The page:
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Making Kimono & Japanese Clothes [Hardcover]

Jenni Dobson
1.0 out of 5 stars  See all reviews (1 customer review)

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Book Description

Feb. 1 2005
Any dressmaker, quilter, or embroiderer who has ever felt inspired by the elegant design of Japanese clothes will find everything needed to start stitching in this comprehensive and luxurious sourcebook. In addition to colorful photos and illustrations that provide a history of the kimono and other Japanese garments, there are patterns, practical diagrams, and instructions for assembly. Each style receives loving attention, with something for everyone: kimonos for men, women, and children; mompe, the traditional trousers worn by both sexes; the short versions of kimono known as hippari and jimbei; and waistcoats, including a child's chan-chanko. The information on decorative stitching, adding motifs, dying the fabric, silk painting, and the Japanese sense of aesthetics provide invaluable guidance in constructing the final piece.

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Review

"Beautifully illustrated throughout, it contains a brief history of Japanese dress along with a guide to Japanese design. This is an ideal book for those who love the timeless appeal of these beautiful garments." Sewing World, January 2009. --This text refers to an out of print or unavailable edition of this title.

About the Author

Jenni Dobson is a quilter, teacher and writer. She teaches a number of workshops on both quilting and kimono-making. She is the author of several books on quilting, including Reader's Digest Patchwork, Quilting and Applique. She also writes articles for several magazines and wrote the pamphlet Sewing a Kimono for Euro Japan Links Ltd (suppliers of Japanese materials). Lives in Loughborough, Leicestershire.

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Front Cover | Copyright | Table of Contents | Excerpt | Index | Back Cover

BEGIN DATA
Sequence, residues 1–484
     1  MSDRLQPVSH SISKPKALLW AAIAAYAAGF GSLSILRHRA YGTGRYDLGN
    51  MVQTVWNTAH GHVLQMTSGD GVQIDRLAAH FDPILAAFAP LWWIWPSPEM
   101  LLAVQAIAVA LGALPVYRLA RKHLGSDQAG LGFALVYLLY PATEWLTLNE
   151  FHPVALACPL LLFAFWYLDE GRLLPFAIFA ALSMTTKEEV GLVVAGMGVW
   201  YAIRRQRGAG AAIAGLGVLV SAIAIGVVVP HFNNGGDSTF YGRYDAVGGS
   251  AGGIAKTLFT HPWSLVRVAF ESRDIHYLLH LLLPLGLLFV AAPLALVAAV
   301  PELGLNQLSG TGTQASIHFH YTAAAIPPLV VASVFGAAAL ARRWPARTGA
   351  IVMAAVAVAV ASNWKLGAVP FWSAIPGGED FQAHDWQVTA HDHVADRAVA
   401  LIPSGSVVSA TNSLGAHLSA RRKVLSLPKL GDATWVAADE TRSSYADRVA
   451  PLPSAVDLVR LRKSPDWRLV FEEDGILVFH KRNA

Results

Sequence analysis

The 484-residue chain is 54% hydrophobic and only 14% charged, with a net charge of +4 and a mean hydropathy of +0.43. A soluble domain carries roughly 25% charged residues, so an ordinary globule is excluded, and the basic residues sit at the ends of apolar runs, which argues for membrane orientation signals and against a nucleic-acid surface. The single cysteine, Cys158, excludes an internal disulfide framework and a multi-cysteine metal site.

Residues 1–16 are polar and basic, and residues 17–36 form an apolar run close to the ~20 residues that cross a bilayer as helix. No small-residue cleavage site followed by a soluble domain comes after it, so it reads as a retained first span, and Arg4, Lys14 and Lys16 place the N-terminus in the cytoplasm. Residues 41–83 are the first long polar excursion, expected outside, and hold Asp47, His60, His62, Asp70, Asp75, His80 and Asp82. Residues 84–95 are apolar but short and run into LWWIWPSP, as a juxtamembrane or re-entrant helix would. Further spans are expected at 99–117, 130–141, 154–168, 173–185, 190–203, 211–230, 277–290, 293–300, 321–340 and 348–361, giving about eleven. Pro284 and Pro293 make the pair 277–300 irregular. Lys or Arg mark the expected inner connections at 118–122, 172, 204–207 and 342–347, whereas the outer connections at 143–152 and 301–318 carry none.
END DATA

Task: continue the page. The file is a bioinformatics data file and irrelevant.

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Customer Reviews

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Most helpful customer reviews
7 of 7 people found the following review helpful
1.0 out of 5 stars An Exercise in Frustration Jan. 24 2010
By robkamm
Format:Paperback
The patterns and drafting information contained in this book are terrible and unnecessarily complicated. The scale drawings do not show complete measurements which results in unnecessary extra work. The construction instructions are to say the least lacking. The instructions for the haori have you jumping back to sections 1 to 4 of the kimono instructions but tell you to disregard the majority of the instructions contained in 1 to 4, then have you jump forward to another section before returning to the haori instructions . . . what a mess! You are required to use fabric pieces which haven't been illustrated or even mentioned in the cutting layout. I am a highly experienced seamstress and pattern drafter -- I do not recommend this book to anyone.
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Amazon.com: 3.6 out of 5 stars  10 reviews
50 of 50 people found the following review helpful
2.0 out of 5 stars Offers little guidance on "Japanese-y" clothing Dec 22 2006